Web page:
Polymer/Boron Nitride Nanotube (BNNTs) Nanocomposites
BNNTs are electrically isolating materials with uniform electronic properties independent of their size and chirality. Therefore, they are evaluated as suitable fillers for the fabrication of mechanically and thermally enhanced polymer composites, while preserving the electrical isolation of the polymer matrix.
Published on: Mar 4, 2016
Transcripts - Polymer/Boron Nitride Nanotube (BNNTs) Nanocomposites
Polymer/Boron Nitride Nanotube (BNNTs) Nanocomposites METE 560 Ümit TAYFUN Middle East Technical University Polymer Science & Technology
Boron nitride nanotubesBoron nitride nanotubes, firstly synthesized in1995, are structural analogues of carbonnanotubes with boron and nitrogen atomsinstead of carbon atoms.BNNTs can be imagined as a rolled uphexagonal BN layer or as a carbon nanotube(CNTs) in which alternating B and N atomsentirely substitute for C atomsSimilar to CNTs, BNNTs have chiralities, animportant geometrical parameter, but for them,the chiralities do not play an important role indetermining electrical propertiesAtomic models of BNNT; (a)arm-chair (b)zig-zag (c)chiral
Properties of BNNTsBNNTs are chemically inert, oxidation resistant, andstructurally stable.BNNTs are electrically isolating materials with uniformelectronic properties independent of their size andchirality.Therefore, they are evaluated as suitable fillers for thefabrication of mechanically and thermally enhancedpolymer composites, while preserving the electrical TEM images of single to multi-wall BNNTs with six wallsisolation of the polymer matrixExcellent mechanical and thermal propertiesUnusually efficient electrical insulatorsStructurally stable and inert to most chemicalsUniform band gap (5.5 eV)High sensitivity for sensor materialsHigh resistance to oxidationTGA showed that the oxidation of BNNTs startsapproximately at 800 °C, which is much higherthan the oxidation temperature of CNTs, which isabout 400 °C. High oxidation resistance of BNNTsallows their applications in high temperatureenvironments.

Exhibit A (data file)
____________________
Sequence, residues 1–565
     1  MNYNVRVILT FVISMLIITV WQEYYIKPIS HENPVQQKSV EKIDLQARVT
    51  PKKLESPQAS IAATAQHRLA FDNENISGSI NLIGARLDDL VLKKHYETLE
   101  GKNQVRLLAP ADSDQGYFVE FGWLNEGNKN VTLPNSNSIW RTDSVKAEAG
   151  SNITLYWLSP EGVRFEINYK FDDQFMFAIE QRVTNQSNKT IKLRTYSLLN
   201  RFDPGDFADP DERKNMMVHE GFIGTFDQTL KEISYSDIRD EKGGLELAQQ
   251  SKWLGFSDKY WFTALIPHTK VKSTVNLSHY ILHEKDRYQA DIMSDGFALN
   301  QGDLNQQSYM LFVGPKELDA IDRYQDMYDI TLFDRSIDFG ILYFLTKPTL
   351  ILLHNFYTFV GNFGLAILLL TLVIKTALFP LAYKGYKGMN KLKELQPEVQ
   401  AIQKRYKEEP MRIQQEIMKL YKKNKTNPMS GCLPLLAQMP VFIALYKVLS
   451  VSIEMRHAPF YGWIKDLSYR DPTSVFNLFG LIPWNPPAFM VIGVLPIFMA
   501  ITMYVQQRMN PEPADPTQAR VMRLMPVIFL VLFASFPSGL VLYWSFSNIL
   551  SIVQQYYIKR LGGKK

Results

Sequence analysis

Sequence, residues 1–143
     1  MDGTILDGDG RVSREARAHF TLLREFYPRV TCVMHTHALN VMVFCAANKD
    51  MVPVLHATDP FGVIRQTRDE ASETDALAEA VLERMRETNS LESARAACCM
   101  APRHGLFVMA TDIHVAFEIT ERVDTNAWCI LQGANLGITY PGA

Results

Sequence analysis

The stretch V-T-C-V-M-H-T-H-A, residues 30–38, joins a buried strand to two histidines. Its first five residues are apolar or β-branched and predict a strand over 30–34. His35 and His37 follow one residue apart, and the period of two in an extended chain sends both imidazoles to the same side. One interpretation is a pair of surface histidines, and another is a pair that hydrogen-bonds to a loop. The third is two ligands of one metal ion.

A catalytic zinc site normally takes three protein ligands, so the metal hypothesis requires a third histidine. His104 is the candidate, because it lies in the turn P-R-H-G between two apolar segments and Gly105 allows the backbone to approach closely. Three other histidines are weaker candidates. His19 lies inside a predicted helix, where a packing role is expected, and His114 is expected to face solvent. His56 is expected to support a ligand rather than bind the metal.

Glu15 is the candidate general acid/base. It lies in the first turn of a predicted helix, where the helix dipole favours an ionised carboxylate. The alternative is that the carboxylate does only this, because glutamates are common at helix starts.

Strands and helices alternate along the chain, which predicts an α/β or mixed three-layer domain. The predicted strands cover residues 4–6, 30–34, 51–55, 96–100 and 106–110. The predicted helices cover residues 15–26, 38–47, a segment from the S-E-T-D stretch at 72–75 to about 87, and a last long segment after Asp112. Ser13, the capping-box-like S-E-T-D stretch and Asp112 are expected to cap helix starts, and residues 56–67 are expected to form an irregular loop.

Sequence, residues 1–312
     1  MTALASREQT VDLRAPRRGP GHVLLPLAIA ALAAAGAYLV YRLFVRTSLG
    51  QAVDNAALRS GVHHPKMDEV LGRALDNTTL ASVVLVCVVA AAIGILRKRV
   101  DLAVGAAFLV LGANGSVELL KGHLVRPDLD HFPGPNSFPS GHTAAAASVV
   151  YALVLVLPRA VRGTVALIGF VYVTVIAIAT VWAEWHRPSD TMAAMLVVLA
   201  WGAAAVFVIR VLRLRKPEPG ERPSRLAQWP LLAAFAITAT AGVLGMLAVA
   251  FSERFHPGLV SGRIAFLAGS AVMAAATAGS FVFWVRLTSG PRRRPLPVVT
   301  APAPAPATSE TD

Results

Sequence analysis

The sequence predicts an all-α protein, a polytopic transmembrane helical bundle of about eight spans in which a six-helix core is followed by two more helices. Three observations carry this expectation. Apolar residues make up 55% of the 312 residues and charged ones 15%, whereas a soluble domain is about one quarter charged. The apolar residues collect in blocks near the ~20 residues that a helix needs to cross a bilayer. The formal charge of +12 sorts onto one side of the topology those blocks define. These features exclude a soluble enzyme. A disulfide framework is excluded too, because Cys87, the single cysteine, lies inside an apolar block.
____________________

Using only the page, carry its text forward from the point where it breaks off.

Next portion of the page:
BNNT vs CNTBesides their structure, mechanical and thermal properties of BNNTs are very similar to CNTs.Both BNNTs and CNTs have superb mechanical properties: the Young’s modulus of them hasbeen predicted to reach a TPa level.However, BNNTs have better resistance to thermal oxidation than CNTs.The electronic properties of BNNTs are also different from CNTs. BNNTs have a constant andwide band-gap of 5.5 eV. Therefore, they are electrically isolating independent of their size orchirality‟s. The electronic properties of BNNTs make them suitable nanofillers for theproduction of isolating polymeric materials.The obvious and most appealing difference between BNNTs and CNTs is their visibleappearance:BNNTs are pure white (sometimes slightly yellowish due to N vacancies) while CNTs are totallyblackComparison of properties of carbon nanotubes and boron nitride nanotubes Images of (a) CNTs and (b) BNNTs
Synthesis Methods of BNNTsThere are several methods used for synthesizing boron nitride nanotubes.Mainly used methods are:arc-discharge,laser ablation,ball milling,chemical vapor deposition
Polymer/BNNT compositesThe studies on the polymeric composites of BNNTs have been flourishedonly over the last years.The exciting properties of BNNTs, such as high elastic modulus and highthermal conductivity make them advantageous for novel nanofillers incomposite materials to obtain mechanical reinforcement, high thermalconductivity and a low coefficient of thermal expansion in a matrix.Polymer/BNNT composites that have been studied to date were prepared asthin films via solution–mixing, evaporation and melt-mixing techniques